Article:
5 things to know for Feb. 28: Ukraine, EPA, Covid-19, State of the Union, North Korea

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Originally Published: 28 FEB 22 06:53 ET
Updated: 28 FEB 22 07:11 ET

(CNN) — Big tech companies are clamping down on Russian state media outlets by cutting off their ad revenue during the ongoing crisis in Ukraine. Google is the latest platform to ban the outlets from running ads on their content, following similar decisions by YouTube and Meta in recent days. Here’s what you need to know to Get Up to Speed and On with Your Day.

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1. Ukraine

Russian and Ukrainian delegations are meeting for talks today on the Ukraine-Belarus border as Moscow continues to ramp up its assault on Kyiv. New satellite imagery shows a miles-long convoy of Russian military vehicles bearing down on the Ukrainian capital despite the negotiations. This comes just one day after Russian President Vladimir Putin put his deterrence forces, which includes nuclear arms, on high alert. Meanwhile, Western sanctions are beginning to take effect, with the Russian Central Bank announcing it would raise its key interest rate from 9.5% to 20% because “external conditions for the Russian economy have drastically changed.” Russia’s currency also hit a record low against the US dollar today as the country’s financial system reeled from the crushing sanctions. Follow CNN’s full coverage of Russia’s attack on Ukraine here.

2. Climate crisis

The Environmental Protection Agency faces a Supreme Court case today that could challenge the federal government’s ability to fight the climate crisis and prevent its worst outcomes. Republicans are expected to argue that the EPA has no authority to regulate emissions from the power sector. Instead, they say that authority should be given to Congress. A Supreme Court decision siding with coal companies could undercut the Biden administration’s plans to slash planet-warming emissions at a time when scientists are sounding the alarm about climate change. Observers say the outcome of this case is tough to predict, but a ruling that would shift the authority to regulate greenhouse gas emissions from power plants to Congress would be the worst-case scenario for the EPA.

3. Coronavirus

People who have received a dose of Evusheld, the monoclonal antibody drug against Covid-19, should get an additional dose as soon as possible, the FDA says. The agency revised the emergency use authorization because the drug may be less active against certain Omicron subvariants. Monoclonal treatments serve as a different avenue for protection and are popular among immunocompromised people who cannot be vaccinated for medical reasons. It’s also an option for individuals who have been advised not to get a vaccine because of a severe reaction to a Covid-19 vaccine or its components. The revision of the emergency use authorization presents challenges, though. Experts say it’s going to be difficult to get the word out to everyone who received a dose, and access to the product remains limited.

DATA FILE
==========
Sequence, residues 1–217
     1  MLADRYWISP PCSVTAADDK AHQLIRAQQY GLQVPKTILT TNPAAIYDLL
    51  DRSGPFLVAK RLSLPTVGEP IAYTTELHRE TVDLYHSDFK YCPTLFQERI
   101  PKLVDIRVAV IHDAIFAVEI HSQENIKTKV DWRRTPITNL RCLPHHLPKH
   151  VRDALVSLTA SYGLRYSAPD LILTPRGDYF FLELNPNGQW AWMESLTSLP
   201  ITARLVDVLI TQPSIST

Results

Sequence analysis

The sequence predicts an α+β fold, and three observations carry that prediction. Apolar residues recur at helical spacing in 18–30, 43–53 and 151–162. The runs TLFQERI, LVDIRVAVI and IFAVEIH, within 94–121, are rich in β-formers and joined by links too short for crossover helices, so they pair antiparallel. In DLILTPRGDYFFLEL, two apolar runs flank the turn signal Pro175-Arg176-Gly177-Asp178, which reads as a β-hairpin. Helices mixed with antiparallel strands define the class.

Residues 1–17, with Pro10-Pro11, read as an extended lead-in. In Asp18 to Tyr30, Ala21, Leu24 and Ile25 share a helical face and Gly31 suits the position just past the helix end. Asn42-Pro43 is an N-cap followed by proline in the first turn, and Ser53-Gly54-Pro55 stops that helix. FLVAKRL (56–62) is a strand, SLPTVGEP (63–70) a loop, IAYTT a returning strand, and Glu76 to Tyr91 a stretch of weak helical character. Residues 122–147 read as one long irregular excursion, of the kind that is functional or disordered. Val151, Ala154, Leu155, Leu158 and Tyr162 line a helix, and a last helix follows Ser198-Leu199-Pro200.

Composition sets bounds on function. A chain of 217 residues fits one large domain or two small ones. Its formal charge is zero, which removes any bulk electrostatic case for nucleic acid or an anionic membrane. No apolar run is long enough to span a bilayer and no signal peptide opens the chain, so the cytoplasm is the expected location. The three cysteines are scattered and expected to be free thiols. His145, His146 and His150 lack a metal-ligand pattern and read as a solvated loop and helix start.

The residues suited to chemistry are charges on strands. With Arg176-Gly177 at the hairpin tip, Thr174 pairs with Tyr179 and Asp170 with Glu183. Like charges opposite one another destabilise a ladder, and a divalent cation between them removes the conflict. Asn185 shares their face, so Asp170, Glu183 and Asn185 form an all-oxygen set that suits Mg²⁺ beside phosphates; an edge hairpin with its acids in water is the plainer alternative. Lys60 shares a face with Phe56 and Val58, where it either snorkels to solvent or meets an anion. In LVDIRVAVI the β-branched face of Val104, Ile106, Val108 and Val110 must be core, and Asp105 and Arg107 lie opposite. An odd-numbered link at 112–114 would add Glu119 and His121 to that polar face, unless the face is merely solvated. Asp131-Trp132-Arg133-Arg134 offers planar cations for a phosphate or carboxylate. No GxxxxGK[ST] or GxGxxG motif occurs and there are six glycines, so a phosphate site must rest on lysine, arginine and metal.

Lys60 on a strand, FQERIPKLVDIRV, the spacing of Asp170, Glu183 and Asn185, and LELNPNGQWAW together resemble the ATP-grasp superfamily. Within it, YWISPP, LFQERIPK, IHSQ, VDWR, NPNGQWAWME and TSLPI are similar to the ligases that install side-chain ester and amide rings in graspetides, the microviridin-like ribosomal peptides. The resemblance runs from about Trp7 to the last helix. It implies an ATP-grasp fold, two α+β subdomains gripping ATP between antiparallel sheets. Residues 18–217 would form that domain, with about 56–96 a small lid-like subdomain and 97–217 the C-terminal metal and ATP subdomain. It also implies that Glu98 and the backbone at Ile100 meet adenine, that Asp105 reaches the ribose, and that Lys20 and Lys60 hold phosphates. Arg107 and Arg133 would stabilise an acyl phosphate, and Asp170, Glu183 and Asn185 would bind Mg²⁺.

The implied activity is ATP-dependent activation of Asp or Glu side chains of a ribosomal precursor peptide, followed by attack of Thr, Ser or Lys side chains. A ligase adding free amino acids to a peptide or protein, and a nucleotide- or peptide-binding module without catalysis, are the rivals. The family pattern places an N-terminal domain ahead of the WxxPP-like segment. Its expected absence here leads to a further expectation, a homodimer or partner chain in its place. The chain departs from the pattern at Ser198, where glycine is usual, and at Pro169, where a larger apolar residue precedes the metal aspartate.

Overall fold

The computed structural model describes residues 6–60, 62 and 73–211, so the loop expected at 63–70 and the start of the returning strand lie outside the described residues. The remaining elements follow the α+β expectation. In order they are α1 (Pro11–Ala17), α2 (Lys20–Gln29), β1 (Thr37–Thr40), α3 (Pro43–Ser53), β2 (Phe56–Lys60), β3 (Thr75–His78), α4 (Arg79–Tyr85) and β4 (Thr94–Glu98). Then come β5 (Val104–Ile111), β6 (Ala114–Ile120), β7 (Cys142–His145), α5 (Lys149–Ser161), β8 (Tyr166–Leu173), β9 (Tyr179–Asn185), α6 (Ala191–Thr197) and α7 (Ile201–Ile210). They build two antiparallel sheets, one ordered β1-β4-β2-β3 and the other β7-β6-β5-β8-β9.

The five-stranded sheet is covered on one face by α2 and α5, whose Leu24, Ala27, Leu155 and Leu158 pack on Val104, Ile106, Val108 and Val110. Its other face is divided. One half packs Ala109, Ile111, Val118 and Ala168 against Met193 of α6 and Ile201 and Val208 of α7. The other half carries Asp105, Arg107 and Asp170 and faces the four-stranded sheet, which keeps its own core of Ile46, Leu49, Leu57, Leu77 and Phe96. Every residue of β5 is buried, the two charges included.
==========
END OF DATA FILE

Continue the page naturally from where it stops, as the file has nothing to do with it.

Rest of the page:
4. State of the Union

Capitol Police will once again erect a fence on Capitol grounds ahead of President Joe Biden’s State of the Union address tomorrow. The fencing is an effort to heighten security and prepare for possible protests by big rig truckers in the coming days. The speech is a National Special Security Event, according to officials, and the Secret Service has been placed in charge of planning. Outside law enforcement agencies as well as the National Guard have been brought in to assist during the event. You can watch the State of the Union address on CNN at 9 p.m. ET tomorrow or stream it live here.

5. North Korea

North Korea launched a ballistic missile off the east coast of the Korean Peninsula yesterday — an “undesirable” move for peace stabilization while the world is trying to resolve the Ukraine war, South Korea’s National Security Council said in a statement. The launch is North Korea’s eighth test this year and comes nearly a month after Pyongyang fired what it claimed was its longest range ballistic missile since 2017. North Korea has ramped up its missile testing in 2022, announcing plans to bolster its defenses against the United States and evaluate “restarting all temporally suspended activities,” according to state media.


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That’s the size of the stake that BP holds in Rosneft, Russia’s state-owned oil giant. The British company said yesterday it is dumping that stake in response to Russia’s invasion of Ukraine. BP, which had called itself “one of the biggest foreign investors in Russia,” will lose about $2 billion as a result of the move.


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